program evaluation 2   program rationale
A graphic of a turquoise arrowed line showing the path through a white maze. Used with permission.

Every program evaluation needs to be based on the rationale for why the program exists in the first place. Individual programs only exist because they support the ministry’s theory of change that describes how its vision will be accomplished through its programs. Only then can you develop a rationale for a program based on how it supports the ministry’s theory of change.

This post documents the theory of change and the logic model that are the rationale for the program we are reviewing, which is the CCCC Annual Conference. These models will make fundraising easier, particularly if your mission does not produce short-term observable results. If donors understand the theory and logic of what you are doing, they will more readily fund programs that make sense to them.

Theory of Change

The theory of change is all about ensuring that you are doing the right things. It is mostly about effectiveness.

It’s important that you know why you provide a certain program and understand all of the assumptions you have made about it. The theory of change is how you document why you believe this program will result in changes that will help you fulfill your mission. It also helps you find assumptions you may not even be aware that you have made. Here is the theory of change for the CCCC conference. If you click on the picture of the model it will open up large enough that you can read  it.

Theory of change for the conference
Click the picture to open a readable version

How to Develop a Theory of Change

You can find detailed instructions for how to develop a theory of change and a template you can use in the post Theory of Change: A Step-By-Step Guide to Developing a Customized Plan For Your Ministry.

Logic Model

The logic model is all about ensuring that you are doing things right. It is mostly about efficiency.

Once you have a theory of change, you can do a logic model. The interventions column from the theory of change comes over to the logic model. The columns are essentially the same between the two models, although I reworded one of the boxes for the logic model.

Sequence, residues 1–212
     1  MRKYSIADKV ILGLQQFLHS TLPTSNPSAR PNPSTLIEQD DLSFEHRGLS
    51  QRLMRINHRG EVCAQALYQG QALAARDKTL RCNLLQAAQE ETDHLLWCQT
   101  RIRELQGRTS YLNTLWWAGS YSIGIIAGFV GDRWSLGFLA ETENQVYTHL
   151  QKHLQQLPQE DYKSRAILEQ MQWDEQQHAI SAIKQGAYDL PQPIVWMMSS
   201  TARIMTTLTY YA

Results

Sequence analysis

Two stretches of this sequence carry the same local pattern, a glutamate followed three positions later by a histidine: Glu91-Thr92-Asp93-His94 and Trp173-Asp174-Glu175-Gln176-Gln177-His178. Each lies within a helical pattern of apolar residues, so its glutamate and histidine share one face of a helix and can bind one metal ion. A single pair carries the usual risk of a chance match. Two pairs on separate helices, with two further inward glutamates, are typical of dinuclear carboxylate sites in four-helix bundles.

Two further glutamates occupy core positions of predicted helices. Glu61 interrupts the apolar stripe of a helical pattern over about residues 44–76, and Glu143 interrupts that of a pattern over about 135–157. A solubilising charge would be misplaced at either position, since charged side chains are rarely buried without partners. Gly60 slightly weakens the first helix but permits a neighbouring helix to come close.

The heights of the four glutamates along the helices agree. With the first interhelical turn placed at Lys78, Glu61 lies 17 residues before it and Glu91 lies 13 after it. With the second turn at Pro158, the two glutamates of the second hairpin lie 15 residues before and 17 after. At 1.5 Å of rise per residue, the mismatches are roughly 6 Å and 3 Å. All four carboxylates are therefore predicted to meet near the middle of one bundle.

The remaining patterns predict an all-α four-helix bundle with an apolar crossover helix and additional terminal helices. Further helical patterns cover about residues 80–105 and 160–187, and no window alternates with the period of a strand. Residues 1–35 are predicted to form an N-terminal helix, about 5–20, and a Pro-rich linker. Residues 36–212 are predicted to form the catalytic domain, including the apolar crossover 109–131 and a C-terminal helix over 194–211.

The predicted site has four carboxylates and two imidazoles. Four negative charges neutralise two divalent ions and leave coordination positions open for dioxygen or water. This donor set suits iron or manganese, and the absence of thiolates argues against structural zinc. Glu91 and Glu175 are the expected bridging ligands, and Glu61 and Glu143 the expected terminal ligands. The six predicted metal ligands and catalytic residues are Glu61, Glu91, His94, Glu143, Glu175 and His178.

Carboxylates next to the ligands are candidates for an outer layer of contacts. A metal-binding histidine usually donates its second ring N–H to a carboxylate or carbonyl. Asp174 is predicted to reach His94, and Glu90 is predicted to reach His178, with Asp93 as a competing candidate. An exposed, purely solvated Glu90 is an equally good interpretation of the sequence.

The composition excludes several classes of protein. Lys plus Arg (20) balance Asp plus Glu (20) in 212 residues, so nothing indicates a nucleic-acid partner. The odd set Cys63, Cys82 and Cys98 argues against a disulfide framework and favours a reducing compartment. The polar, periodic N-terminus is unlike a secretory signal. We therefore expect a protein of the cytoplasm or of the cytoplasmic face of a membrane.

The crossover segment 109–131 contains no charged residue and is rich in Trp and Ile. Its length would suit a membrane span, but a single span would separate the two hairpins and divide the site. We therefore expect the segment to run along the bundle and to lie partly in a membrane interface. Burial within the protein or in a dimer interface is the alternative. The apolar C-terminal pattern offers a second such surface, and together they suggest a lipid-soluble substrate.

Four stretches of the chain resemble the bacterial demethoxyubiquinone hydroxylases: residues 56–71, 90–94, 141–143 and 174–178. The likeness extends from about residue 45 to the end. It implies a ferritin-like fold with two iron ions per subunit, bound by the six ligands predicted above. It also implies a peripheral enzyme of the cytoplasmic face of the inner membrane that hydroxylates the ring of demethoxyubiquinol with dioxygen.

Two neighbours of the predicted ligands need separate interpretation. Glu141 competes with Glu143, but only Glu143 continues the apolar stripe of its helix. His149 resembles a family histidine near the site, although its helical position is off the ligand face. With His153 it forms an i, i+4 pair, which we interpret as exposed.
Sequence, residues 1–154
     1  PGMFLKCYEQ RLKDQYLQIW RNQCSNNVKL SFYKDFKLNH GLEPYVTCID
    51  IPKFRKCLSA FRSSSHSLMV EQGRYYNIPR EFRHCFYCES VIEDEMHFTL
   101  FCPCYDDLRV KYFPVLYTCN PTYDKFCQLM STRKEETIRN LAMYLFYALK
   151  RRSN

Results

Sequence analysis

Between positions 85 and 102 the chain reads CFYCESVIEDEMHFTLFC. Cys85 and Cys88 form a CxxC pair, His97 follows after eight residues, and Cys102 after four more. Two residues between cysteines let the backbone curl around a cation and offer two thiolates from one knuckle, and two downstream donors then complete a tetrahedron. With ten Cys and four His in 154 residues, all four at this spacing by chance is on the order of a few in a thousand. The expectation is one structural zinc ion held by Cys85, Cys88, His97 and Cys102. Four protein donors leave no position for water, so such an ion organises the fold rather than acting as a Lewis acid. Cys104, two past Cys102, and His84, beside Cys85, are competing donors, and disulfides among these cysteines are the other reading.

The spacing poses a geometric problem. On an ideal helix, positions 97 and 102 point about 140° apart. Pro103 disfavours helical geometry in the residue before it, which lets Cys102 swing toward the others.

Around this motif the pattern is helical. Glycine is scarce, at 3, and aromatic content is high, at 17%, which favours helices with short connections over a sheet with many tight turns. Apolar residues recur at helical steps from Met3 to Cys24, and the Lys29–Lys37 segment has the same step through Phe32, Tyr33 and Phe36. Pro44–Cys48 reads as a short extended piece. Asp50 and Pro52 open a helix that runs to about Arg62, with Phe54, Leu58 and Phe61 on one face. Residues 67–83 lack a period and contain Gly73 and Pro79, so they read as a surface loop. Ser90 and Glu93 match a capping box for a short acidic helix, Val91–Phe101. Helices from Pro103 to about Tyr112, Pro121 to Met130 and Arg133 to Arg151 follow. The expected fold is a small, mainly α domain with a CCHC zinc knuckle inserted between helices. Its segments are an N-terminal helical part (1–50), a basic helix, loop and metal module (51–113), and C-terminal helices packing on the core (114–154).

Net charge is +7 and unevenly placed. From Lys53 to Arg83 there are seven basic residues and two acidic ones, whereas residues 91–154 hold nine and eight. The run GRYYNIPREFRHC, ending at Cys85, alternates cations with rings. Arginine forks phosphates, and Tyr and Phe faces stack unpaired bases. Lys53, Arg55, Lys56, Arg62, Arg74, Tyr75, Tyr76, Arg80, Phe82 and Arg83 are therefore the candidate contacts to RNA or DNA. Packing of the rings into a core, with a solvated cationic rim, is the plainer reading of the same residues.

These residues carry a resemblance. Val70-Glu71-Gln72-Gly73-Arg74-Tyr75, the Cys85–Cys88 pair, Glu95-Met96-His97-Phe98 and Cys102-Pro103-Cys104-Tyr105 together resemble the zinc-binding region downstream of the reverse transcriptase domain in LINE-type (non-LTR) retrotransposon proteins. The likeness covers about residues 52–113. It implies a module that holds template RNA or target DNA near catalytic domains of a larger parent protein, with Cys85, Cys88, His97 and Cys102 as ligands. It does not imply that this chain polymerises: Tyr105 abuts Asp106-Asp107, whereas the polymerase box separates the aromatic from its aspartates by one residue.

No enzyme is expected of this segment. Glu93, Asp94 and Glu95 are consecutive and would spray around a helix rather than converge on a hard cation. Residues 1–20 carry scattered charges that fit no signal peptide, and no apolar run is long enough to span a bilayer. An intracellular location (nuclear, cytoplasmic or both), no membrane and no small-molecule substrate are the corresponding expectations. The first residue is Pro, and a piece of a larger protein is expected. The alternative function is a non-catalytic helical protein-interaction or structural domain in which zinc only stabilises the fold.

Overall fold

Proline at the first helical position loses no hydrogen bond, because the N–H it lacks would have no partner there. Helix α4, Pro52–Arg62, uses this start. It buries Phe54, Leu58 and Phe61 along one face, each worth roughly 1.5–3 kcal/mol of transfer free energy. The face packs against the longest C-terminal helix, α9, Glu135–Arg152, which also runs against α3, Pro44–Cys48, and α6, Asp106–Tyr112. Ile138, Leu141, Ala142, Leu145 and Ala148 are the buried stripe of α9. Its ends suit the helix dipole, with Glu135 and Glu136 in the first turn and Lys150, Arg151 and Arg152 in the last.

Logic model for the conference
Click the picture to open a readable version


First you document all of the inputs that make the program work. The general categories of inputs are physical assets (buildings), time and money. I’ve been a bit more detailed on this logic model because as I created the model I realized that not only were there benefits for our members, but there were benefits in the program for CCCC too. Since the goal is to ultimately compare inputs against outputs, I thought it only fair to allocate the time that benefits CCCC separately from the time that benefits our members. This simply recognizes that the content created by staff for their workshops can be used in multiple ways beyond the conference itself.


As already mentioned, this is the list of program activities and is the same as the list in the theory of change.


Outputs represent the completion of the program. When the outputs are done, you can say “We did our part, now the beneficiaries have to do their part.” Outputs could be the number of presentations of the Gospel, or it might be the number of people given glasses. They could be the number of Bibles handed out or the number of Sunday School classes and attendees. Whatever the outputs are, they are what you used the inputs for and did the activities for.

The outputs tell you how busy you’ve been.

Outcomes and Impact

These are the same as in the theory of change model. The outcomes and impact will tell you how effective you’ve been.

Where to from Here?

Now that you have your theory of change and logic model, go over them very carefully and think hard about any assumptions you are making. You will want to check all the assumptions. Of course, at least some of your assumptions have turned up in the models themselves. For example, I made assumptions in coming up with the causes of the problem and with the attendees needs which I included in the models, but there are many, many more that I have listed and which form the basis for the research questions, which I’ll be blogging about later.

You now have two models that, put together, will help you check that you are doing the right things right. The next time I post on this program review, I’ll discuss reviewing the literature as a key part the review process.

Series Navigation<< Program Evaluation 1 – Selecting the ProgramProgram Evaluation 3 – Literature Review >>

Thoughts on Program Evaluation 2 – Program Rationale

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